Bradford Literary Agency

How To Write A Non-Fiction Proposal

Most non-fiction books are sold on the basis of a book proposal, often with one or more sample chapters rather than on a completed manuscript. While every agency and editor may have a slightly different opinion on the mechanics of writing a winning non-fiction proposal, most successful proposals have the following elements in common:

  1. Overview
    This is an introduction that summarizes the book’s contents and tells why the book should be published. In essence, this is your main selling statement. Concisely address all that is the most exciting, interesting, introspective and unique about your book. Make it clear that you are the best and most qualified person to write this wonderful and very necessary piece of non-fiction, as well as make a persuasive case for your intended market.
  2. Competition
    Understand and present how your book will fit in the marketplace. Select 4-6 of your major competing titles and compare them to your own. How is your book different and unique? The point here is not to denigrate other works (which may very well be beloved by your audience), but to highlight how your book successfully fills a gap in the market. Be honest but always keep in mind that each component of the proposal is to help you SELL your book, and showing how your project is at the head of the class is an excellent way to do so. It is not advisable to state that your book is “like no other” and decline to cite any comparative titles.
  3. Market
    Who is your intended audience? Who will relate to your book and rush to buy it? In this section, illustrate how the market for this book not only exists, but is a large, robust, book-buying section of the general public. It is unrealistic to make a statement that everyone will buy your book, so be mindful of exactly who your subject will appeal to. If there are any special markets that you can tap through any of your own personal connections this would be the place to mention it. An editor needs to see how your market translates to bottom-line sales.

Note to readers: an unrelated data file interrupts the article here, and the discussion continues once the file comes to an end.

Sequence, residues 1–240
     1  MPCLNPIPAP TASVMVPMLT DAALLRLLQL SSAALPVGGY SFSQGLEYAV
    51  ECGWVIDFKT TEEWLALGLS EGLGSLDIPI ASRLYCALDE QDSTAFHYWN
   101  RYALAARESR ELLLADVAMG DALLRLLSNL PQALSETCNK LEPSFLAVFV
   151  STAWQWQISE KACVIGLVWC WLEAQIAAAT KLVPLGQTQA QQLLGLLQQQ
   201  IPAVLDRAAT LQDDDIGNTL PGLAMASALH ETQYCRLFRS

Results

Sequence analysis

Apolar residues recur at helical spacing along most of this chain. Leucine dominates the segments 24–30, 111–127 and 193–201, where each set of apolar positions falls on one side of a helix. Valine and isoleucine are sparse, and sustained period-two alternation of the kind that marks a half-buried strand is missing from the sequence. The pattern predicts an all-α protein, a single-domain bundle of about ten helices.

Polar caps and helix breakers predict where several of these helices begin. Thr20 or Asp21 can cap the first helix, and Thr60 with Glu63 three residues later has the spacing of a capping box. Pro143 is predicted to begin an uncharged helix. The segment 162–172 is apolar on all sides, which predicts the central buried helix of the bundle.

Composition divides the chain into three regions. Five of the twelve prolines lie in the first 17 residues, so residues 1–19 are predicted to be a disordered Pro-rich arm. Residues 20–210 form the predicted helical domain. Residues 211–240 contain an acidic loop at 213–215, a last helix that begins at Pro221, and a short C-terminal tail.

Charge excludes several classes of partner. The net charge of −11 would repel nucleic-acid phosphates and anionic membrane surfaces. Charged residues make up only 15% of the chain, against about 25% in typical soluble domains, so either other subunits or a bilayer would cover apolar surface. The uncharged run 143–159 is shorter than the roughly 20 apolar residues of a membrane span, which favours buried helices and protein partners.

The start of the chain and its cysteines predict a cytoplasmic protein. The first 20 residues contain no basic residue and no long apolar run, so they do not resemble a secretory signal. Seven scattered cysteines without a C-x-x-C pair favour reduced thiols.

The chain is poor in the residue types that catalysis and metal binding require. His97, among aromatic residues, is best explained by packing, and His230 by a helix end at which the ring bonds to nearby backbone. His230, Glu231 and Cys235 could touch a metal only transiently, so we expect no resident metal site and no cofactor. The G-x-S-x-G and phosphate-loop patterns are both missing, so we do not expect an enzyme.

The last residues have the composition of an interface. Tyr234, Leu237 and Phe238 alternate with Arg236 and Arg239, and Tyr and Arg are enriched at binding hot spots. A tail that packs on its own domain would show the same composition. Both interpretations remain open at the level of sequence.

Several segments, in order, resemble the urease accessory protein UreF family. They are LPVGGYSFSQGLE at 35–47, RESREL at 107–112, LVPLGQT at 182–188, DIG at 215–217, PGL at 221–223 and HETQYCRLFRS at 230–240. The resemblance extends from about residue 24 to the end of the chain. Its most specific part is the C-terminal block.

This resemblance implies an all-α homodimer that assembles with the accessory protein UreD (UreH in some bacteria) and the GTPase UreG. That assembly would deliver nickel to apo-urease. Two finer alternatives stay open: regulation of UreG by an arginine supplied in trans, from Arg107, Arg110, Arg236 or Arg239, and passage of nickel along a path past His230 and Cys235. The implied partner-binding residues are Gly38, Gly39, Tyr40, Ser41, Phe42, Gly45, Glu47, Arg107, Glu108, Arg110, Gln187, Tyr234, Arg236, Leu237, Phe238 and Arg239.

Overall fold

4. Biography
    This is your space for telling the editor a little more about yourself, specifically about how your experiences relate to this book. For example, if you are writing a cookbook, you’ll want to tell the editor about your experience working under the tutelage of Jacques Pepin. Be sure to mention your publishing history, if applicable. Keep this section as concise and professional as possible.
  5. Publicity
    If there are built-in publicity opportunities for your project, address them here. Any ideas for marketing or promotions you may have, especially if you have personal connections or direct access to likely prospects, should be mentioned. Make sure you let the editor know if you have any previous publicity experience.
  6. Chapter Outline
    This is one of the most critical sections of your proposal. List each chapter, with chapter title and give a brief description of the material covered. The style in which you deliver the description should be informed by the type of non-fiction book you are selling. A how-to book chapter description would necessarily be quite different from a travel narrative chapter description.
  7. Projected length and date of delivery
    Estimate the number of months you expect to take writing the book from signing to contract until completion. Give either a projected manuscript page length (use the standard of 250 words per page) or word count.
  8. Sample Chapters
    Sample chapters may or may not be necessary if you have written a complete and compelling proposal. If you have a track record of previous publications, you may not need to include sample chapters. If, however, you do elect to write a sample, you should draft the chapter that “puts your best foot forward” so to speak. Write the section that is the most interesting, the most compelling and the one that you feel most passionate about.